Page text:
After The Estates-General of 1789 was convened at Versailles, the club was first composed exclusively of deputies from Brittany, but they were soon joined by other deputies from regions throughout France. Among its early members were the dominating Mirabeau, Parisian deputy Abbé Sieyès, Dauphiné deputy Antoine Barnave, Jérôme Pétion, the Abbé Grégoire, Charles Lameth, Alexandre Lameth, Robespierre, the duc d'Aiguillon, and La Revellière-Lépeaux. It also counted Indian ruler Tipu Sultan among its ranks. At this time its meetings occurred in secret and few traces remain of what took place at them, or where they were convened.</li></li></ul><li>Leader of the Jacobin’s Club<br />Maximillian Robespierre<br /><ul><li>Maximilien Robespierre (Maximilien François Marie Isidore de Robespierre) was born on May 6th, 1758, in Arras where his father was based as an advocate. Robespierre and his three younger siblings were brought up by diverse relatives after their father dramatically lost his way in life after the death of his wife in childbirth in 1767. Robespierre was educated for a short time at a College in Arras and then in Paris initially at the very prestigious College of Louis-le-Grand and later at the College of Law. Robespierre qualified as an advocate in 1781 and sought to establish a legal practice at his home town of Arras. He became known both as a successful advocate and as a participant in local literary and philosophic circles.</li></li></ul><li>Storming of the Palace of Tuilleries<br /><ul><li>Around 10:00am on August 10, 1792 a mob of nearly 30,000 French citizens advanced toward the Tuileries Palace to capture King Louis XVI. Louis had been given information that told him an angry mob was headed for the palace, so he decided to move himself and his family to the Legislative Assembly building. Before the king fled along with his 300 volunteer soldiers, he left no orders for the Swiss Guard who defended the palace. The guards saw the crowds coming and counted upon an order from the king to surrender the palace as he had in an earlier attack, but the order never came. When the mob approached the palace, the guards scampered to the top walls and tried to fight off the attack with single-shot muskets. After firing a few rounds into the crowd the guards realized their efforts were worthless and quickly chose to surrender the palace in the hopes of saving their lives. The mob searched the palace with vengeance in their hearts, leaving only 300 of the 900 Swiss guards alive. The people found no king inside the palace, but murdered anyone within the walls that might have been associated with the king: cooks, servants, maids, etc., no one was spared.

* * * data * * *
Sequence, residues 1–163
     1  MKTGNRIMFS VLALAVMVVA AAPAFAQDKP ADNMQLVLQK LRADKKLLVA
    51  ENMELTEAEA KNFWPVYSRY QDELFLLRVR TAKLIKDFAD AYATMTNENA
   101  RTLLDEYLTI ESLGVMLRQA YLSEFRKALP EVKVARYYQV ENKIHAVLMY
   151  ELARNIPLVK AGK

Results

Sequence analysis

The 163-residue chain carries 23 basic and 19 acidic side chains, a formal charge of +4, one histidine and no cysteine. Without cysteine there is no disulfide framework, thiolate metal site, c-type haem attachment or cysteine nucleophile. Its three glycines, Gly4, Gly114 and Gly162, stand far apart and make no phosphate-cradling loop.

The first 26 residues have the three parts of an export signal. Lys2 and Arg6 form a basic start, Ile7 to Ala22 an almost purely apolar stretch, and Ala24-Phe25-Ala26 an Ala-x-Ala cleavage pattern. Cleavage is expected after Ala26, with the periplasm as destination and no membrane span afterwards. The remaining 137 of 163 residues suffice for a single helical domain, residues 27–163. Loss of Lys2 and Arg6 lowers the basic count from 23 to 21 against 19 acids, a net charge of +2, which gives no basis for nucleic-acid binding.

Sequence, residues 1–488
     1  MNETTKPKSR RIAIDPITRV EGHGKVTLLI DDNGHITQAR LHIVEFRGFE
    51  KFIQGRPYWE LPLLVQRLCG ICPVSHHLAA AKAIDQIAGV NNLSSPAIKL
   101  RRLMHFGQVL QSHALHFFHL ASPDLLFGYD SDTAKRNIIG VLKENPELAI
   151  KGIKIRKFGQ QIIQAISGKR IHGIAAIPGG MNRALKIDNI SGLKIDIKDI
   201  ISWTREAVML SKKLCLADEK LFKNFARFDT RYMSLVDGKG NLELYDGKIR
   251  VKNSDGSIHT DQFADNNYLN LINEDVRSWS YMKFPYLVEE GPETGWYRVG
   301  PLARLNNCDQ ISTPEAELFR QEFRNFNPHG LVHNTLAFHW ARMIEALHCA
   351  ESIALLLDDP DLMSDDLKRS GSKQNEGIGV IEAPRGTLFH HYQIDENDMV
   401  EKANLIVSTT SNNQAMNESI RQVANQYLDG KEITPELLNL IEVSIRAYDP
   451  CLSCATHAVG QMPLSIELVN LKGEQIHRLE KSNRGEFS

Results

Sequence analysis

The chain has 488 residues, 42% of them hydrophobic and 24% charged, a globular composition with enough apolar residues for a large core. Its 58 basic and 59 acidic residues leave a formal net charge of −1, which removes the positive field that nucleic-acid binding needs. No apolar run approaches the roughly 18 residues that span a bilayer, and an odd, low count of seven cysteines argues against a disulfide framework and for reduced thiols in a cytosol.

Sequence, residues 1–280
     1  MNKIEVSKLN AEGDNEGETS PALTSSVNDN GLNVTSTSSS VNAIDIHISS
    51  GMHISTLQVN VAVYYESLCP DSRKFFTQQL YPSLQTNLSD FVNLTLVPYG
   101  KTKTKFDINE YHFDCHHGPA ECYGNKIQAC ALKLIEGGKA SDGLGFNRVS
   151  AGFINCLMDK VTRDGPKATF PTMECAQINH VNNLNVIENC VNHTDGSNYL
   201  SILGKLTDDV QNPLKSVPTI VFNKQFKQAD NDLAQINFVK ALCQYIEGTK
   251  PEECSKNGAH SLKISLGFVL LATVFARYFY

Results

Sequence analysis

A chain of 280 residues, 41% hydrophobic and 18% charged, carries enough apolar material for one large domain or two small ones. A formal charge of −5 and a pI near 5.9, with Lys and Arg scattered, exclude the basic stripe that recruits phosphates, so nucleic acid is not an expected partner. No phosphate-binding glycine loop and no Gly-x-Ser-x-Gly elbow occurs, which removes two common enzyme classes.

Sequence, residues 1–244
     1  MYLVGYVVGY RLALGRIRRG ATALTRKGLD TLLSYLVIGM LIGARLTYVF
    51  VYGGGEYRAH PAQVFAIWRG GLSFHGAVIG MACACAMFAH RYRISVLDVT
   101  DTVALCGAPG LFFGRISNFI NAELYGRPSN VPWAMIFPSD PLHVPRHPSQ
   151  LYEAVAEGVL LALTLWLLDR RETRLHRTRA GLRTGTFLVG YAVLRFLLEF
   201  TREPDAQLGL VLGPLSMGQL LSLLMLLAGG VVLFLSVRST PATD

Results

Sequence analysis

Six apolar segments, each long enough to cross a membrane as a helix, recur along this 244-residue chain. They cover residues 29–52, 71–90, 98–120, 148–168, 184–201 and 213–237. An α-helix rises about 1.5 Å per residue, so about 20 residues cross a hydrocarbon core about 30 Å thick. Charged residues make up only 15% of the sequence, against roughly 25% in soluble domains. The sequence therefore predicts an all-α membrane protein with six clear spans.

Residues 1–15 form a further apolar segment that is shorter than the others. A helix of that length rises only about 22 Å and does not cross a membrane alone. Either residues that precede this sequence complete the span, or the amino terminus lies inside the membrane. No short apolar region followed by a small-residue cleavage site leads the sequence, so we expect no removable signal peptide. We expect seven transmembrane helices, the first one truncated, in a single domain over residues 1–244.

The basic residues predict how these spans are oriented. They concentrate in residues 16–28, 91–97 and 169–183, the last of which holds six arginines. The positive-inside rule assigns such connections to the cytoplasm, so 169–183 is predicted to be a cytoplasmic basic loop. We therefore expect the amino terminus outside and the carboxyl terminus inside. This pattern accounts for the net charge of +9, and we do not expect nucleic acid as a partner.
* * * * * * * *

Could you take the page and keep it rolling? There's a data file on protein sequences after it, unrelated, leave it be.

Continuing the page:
Many events occurred in the months prior to the Storming of the Tuileries Palace that led up to this violent episode. As early as June 20, 1792 several crowds of French citizens traveled to the Tuileries Palace in an attempt to convince the king that the government, economy, and society of France needed to change. At this original meeting the king met with the people and assured them that he was on their side. Luckily for the king, the crowd retreated without hurting anyone, having gotten the impression that things would change. By late July however, the people of Paris began to panic as the war with Austria and Prussia drew nearer to home. Both Austrian and Prussian troops were moving ever closer to the city of Paris. Believing that the king or his wife was giving information to these foreign powers, the Paris Commune, a group of local representatives, decided to lead an attack on the Tuileries Palace once again. This decision was made on August 9, 1792 and overnight nearly 30,000 French citizens came together and hosted the attack the very next day. After killing numerous Swiss guards and other staff present at the Tuileries Palace, the Paris mob moved to the Legislative Assembly building and claimed their prize. King Louis XVI and his family, who had been hiding, were found and arrested. This event signified the end of the monarchy in France and started the official trial of the king.</li></li></ul><li>France abolishes Monarchy and Becomes a Republic<br /><ul><li>In Revolutionary France, the Legislative Assembly votes to abolish the monarchy and establish the First Republic. The measure came one year after King Louis XVI reluctantly approved a new constitution that stripped him of much of his power.